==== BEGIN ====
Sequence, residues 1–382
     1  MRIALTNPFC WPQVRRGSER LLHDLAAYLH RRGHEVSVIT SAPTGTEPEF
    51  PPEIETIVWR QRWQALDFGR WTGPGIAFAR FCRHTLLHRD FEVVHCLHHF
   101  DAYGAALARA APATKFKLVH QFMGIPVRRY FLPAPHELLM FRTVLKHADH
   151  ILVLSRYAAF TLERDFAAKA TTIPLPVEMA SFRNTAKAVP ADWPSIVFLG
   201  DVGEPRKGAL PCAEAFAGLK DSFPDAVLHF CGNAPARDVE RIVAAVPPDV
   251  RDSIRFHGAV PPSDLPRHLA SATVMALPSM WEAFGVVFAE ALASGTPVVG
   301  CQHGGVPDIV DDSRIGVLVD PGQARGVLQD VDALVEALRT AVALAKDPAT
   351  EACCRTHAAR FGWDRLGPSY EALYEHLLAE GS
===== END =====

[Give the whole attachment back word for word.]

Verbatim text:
Sequence, residues 1–382
     1  MRIALTNPFC WPQVRRGSER LLHDLAAYLH RRGHEVSVIT SAPTGTEPEF
    51  PPEIETIVWR QRWQALDFGR WTGPGIAFAR FCRHTLLHRD FEVVHCLHHF
   101  DAYGAALARA APATKFKLVH QFMGIPVRRY FLPAPHELLM FRTVLKHADH
   151  ILVLSRYAAF TLERDFAAKA TTIPLPVEMA SFRNTAKAVP ADWPSIVFLG
   201  DVGEPRKGAL PCAEAFAGLK DSFPDAVLHF CGNAPARDVE RIVAAVPPDV
   251  RDSIRFHGAV PPSDLPRHLA SATVMALPSM WEAFGVVFAE ALASGTPVVG
   301  CQHGGVPDIV DDSRIGVLVD PGQARGVLQD VDALVEALRT AVALAKDPAT
   351  EACCRTHAAR FGWDRLGPSY EALYEHLLAE GS